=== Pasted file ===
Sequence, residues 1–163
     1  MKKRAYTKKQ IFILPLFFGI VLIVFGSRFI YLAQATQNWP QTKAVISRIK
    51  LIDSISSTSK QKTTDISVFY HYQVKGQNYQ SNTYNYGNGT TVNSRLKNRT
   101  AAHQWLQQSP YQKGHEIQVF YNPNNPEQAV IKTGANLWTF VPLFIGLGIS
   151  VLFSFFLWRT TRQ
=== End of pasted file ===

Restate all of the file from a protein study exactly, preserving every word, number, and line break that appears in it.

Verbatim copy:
Sequence, residues 1–163
     1  MKKRAYTKKQ IFILPLFFGI VLIVFGSRFI YLAQATQNWP QTKAVISRIK
    51  LIDSISSTSK QKTTDISVFY HYQVKGQNYQ SNTYNYGNGT TVNSRLKNRT
   101  AAHQWLQQSP YQKGHEIQVF YNPNNPEQAV IKTGANLWTF VPLFIGLGIS
   151  VLFSFFLWRT TRQ